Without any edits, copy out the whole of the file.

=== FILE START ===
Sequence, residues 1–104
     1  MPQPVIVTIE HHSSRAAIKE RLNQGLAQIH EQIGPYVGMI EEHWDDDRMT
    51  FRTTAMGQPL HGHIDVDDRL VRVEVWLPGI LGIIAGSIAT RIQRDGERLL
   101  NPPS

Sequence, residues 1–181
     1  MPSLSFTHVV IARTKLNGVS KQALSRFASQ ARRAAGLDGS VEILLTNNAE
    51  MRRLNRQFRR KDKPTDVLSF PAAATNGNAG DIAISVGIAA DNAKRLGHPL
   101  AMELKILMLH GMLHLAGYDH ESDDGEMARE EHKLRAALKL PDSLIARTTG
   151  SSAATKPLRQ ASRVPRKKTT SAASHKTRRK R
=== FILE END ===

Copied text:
Sequence, residues 1–104
     1  MPQPVIVTIE HHSSRAAIKE RLNQGLAQIH EQIGPYVGMI EEHWDDDRMT
    51  FRTTAMGQPL HGHIDVDDRL VRVEVWLPGI LGIIAGSIAT RIQRDGERLL
   101  NPPS

Sequence, residues 1–181
     1  MPSLSFTHVV IARTKLNGVS KQALSRFASQ ARRAAGLDGS VEILLTNNAE
    51  MRRLNRQFRR KDKPTDVLSF PAAATNGNAG DIAISVGIAA DNAKRLGHPL
   101  AMELKILMLH GMLHLAGYDH ESDDGEMARE EHKLRAALKL PDSLIARTTG
   151  SSAATKPLRQ ASRVPRKKTT SAASHKTRRK R